Likewise, the manna was not a bread that was a product of the work of the people’s hands. It was given to them, to be received with open hands. So also the Bread of Heaven, which gives eternal life, is not the product of the work of our hands. It is bread that is prepared for us. It is given to us as a gift to receive with open hands. Since it is the bread of heaven, it is not possible for the bread of life to be produced by our working it and making it. It is only had by receiving it as a gift.
I think that this should affect the way we approach the Lord’s Table, in terms of application. The bread and wine is a symbol to us of the body and blood of Christ that was given for us. So I think this is something that should affect our posture in communion. When we come to the Lord’s Table, we are coming not to grab the bread, as if we were reaching up and snatching it with our hands. But rather we are receiving the bread. Now we of course are not given commands on the technical way that we are to receive the bread, but I would encourage you to receive it with palms open as the bread is placed in your hands, in order to remind you that Jesus is a gift that we receive with empty hands, that comes down to us. Again, that is not a command, but something I would encourage you to think about to be even more intentional and conscious about your relationship with Christ during the Supper.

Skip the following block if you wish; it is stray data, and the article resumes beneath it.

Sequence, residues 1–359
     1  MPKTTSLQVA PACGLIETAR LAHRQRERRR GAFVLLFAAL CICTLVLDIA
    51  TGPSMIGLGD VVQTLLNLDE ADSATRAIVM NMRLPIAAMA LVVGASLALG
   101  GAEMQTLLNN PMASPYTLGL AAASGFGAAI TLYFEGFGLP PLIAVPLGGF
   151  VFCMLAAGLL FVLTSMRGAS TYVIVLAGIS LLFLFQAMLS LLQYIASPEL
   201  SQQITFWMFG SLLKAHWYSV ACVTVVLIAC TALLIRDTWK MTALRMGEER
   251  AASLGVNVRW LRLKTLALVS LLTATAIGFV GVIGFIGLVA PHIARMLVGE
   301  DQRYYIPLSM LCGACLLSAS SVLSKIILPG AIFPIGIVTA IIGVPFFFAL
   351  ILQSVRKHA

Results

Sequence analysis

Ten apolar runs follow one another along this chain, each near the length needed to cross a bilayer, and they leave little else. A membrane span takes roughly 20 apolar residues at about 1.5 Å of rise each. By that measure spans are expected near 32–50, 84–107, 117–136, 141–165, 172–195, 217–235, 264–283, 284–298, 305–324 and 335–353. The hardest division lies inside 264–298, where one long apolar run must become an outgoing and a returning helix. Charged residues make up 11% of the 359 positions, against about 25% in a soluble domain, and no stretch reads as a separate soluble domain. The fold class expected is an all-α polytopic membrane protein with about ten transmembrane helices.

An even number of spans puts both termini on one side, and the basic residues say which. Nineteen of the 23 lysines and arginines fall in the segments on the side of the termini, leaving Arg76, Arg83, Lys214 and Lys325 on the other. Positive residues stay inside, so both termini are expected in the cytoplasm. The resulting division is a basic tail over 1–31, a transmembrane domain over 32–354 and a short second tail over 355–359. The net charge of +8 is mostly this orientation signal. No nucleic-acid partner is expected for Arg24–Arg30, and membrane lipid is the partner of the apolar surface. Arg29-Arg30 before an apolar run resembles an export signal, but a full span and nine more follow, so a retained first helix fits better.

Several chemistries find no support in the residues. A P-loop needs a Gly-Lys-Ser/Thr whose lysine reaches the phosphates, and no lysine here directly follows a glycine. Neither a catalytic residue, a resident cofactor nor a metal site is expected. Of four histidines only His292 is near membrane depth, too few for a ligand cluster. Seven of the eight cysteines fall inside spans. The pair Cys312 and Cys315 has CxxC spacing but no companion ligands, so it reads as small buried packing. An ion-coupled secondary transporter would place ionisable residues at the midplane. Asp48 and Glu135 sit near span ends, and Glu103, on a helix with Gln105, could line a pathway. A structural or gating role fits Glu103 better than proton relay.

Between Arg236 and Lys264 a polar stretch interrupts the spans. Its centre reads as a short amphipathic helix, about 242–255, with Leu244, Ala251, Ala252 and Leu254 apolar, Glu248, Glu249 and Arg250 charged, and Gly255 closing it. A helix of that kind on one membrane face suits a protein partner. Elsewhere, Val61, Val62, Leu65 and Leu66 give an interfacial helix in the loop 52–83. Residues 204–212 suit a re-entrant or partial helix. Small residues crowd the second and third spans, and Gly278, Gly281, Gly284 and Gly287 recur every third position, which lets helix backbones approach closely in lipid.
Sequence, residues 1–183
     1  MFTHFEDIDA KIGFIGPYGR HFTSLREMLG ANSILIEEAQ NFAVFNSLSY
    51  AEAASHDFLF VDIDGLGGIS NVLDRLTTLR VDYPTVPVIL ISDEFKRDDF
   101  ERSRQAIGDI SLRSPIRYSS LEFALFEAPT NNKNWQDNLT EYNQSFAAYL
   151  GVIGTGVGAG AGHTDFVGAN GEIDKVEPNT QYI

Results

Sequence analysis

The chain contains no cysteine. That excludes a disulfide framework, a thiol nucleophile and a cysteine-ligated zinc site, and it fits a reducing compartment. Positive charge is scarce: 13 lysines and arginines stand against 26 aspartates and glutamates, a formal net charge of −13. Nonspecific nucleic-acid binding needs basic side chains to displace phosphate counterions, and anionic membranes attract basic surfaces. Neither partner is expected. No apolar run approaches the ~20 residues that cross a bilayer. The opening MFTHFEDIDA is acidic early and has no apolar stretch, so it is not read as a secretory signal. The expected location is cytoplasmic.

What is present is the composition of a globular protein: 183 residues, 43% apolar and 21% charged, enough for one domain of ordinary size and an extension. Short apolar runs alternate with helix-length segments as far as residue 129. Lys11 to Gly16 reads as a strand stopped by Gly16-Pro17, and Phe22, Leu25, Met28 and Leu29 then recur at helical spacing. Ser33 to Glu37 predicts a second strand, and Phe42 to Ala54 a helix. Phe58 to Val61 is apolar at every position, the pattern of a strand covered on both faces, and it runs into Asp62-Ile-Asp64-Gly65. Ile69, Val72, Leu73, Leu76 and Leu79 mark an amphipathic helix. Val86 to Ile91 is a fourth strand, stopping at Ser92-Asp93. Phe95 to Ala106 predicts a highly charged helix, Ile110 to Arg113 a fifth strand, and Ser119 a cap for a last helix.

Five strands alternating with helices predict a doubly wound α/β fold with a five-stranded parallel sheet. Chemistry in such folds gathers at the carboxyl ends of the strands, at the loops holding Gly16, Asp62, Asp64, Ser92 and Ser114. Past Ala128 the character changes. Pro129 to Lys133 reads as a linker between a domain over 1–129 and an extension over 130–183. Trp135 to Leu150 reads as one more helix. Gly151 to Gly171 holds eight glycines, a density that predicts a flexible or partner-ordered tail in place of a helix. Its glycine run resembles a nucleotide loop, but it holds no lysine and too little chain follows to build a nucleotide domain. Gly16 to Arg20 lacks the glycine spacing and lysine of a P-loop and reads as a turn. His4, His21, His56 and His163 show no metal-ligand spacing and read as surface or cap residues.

Consider also that the manna from heaven did nothing for the people if they did not take and eat it. It was necessary that each one eat of it himself. In the same way, Christ is the bread of heaven that is to be eaten. We must, by faith, partake of Christ for ourselves. No one else can have faith in Christ for you. Boys and girls, your parents can’t believe in Christ for you, YOU are to receive Christ, and trust in Him, and believe that He died and gave Himself for YOU and YOUR sins. It is not enough to believe the facts that Jesus came and died for sins, and rose again from the dead. You must believe that He died and rose for YOUR sins. That is how you have eternal life. In instituting the Lord’s Supper, Jesus said, “Take, EAT, this is my body, which is FOR YOU.”
Next, God provided food AND rest for the people of Israel. He gave them manna AND a sabbath day of rest. So also, God has provided us with true food and true rest. Jesus is our true food and He is our true rest. We rest from our works by faith in Christ, Hebrews chapter 4.
Notice also the description of the manna in verse 31 of Exodus 16. It says that it was white. As a type of Christ, this shows the purity and spotlessness of Christ, that He was and is without sin.